More than 1,300 WELS members gathered in Chicago in January for the WELS National Conference on Lutheran Leadership. For three days they dedicated themselves to learning about leading in the congregation and community as well as enjoying worship and fellowship. The conference was for all WELS members, both called workers and laypeople, men and women of all ages, current leaders and future leaders. About 47 percent of attendees were called workers, 44 percent were lay members, and 9 percent were students.
The conference offered four keynote presentations on overarching topics regarding Lutheran leadership as well as four TED-talk-style presentations on what Lutheran leadership is and why it’s important in today’s world. Participants also attended five breakout sessions out of 47 offered on topics more specific to their local ministry needs or personal interests. Worship was a highlight of the conference, with a full Communion service as well as opening and closing devotions.
Breakout sessions offered insights on topics such as personal evangelism, outreach, issues facing WELS schools, discipleship, congregational governance, church culture, worship, and more. Some trends emerged based on breakout requests that revealed common challenges in WELS congregations. “Looking at the top 20 [requested breakouts], I’d say how to develop and equip lay leadership was a massive goal,” says Jonathan Hein, conference coordinator and coordinator of WELS Congregational Services. “Another one seems to be the challenge of doing outreach and the challenges presented by the shifting American culture that is hardening against the church.”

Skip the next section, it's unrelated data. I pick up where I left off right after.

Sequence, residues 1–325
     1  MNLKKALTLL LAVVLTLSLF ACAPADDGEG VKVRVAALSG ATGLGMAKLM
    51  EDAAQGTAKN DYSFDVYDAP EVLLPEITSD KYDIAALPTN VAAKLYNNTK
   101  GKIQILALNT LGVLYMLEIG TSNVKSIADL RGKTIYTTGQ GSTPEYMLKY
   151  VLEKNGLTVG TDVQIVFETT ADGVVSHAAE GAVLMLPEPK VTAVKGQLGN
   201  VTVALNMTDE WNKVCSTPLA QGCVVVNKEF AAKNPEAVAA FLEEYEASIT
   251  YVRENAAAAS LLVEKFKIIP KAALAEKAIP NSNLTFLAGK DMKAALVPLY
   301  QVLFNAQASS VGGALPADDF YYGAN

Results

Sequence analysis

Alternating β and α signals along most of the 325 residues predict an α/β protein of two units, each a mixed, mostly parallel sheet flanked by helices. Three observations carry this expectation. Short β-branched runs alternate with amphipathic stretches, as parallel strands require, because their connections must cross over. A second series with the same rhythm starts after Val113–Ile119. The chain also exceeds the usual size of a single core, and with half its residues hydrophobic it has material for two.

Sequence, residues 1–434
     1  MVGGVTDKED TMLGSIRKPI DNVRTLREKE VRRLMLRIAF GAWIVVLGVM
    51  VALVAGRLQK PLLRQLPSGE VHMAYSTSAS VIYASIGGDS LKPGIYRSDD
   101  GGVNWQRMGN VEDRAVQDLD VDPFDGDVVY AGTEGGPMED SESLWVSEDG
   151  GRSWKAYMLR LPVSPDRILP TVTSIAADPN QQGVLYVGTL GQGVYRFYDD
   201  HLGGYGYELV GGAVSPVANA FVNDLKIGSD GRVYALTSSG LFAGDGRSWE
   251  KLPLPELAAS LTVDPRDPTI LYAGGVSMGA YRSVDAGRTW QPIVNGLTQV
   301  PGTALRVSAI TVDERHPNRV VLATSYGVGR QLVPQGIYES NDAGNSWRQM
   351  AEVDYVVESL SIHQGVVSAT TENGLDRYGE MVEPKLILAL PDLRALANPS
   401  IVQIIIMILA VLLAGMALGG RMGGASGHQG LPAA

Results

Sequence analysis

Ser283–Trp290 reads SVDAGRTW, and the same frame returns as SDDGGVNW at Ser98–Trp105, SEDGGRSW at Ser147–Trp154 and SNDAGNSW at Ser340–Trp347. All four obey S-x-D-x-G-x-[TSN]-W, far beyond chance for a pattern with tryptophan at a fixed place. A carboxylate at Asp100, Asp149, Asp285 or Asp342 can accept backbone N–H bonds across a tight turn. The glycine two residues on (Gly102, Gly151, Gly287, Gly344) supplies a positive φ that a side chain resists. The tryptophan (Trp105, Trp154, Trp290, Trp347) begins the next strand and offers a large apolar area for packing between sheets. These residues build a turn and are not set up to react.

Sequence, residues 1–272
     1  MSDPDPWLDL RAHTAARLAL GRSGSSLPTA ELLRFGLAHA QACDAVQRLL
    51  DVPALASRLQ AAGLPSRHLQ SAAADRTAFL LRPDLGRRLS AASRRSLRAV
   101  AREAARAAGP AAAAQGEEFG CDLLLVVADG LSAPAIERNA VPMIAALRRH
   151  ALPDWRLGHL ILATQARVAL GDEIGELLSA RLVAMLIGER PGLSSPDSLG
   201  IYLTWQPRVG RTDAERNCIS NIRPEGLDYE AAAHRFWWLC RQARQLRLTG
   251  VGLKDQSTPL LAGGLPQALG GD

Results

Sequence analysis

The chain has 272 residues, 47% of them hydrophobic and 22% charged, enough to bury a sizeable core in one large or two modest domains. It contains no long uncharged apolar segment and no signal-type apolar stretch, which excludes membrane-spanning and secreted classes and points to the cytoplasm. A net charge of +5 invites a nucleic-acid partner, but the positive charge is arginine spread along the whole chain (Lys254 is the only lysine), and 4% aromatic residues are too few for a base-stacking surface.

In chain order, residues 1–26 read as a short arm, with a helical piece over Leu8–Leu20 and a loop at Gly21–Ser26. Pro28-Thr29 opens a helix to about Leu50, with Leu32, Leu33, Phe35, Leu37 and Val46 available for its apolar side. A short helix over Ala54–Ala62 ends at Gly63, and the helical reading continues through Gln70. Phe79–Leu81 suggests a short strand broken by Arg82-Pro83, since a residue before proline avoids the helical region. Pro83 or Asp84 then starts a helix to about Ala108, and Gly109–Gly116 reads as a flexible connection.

Dr. Glen Hansen, a radiologist and elder at Bethlehem, Germantown, Wis., attended the conference to bring ideas back to his congregation to help members become more comfortable with evangelism. “Our overall goal is not only to equip ourselves but to equip our members too,” says Hansen. “There are a lot of likeminded people [here] who care about the work of the Lord, which helps me feel empowered to continue and go do that work.”
Attendees left the conference edified in their faith and inspired for their ministry. “I really like how not only did we have the keynote speakers but we got to choose breakout sessions that we think will line up with something we are really interested in or something that will help with our ministry,” says Hailey Russ, a student at Carroll University in Waukesha, Wis. “Not only am I getting personal information that will help me grow my faith and is firing me up a little bit, but also I have things that I want to take back to our campus ministry to implement.”
The ideas and inspiration could be overwhelming for WELS congregational leaders. Hein suggests, “Attendees don’t need to do everything all at once. There was a LOT there. But I’d love if those leaders would debrief about what they learned and pick a top priority or two to try and incorporate into their next annual plan.”
Volume: 110, Number 03
Issue: March 2023
- Psalms for the seasons of life: March - 2023/03/01
- Leadership conference equips members to serve - 2023/02/28
- Training the next generation of leaders - 2023/02/28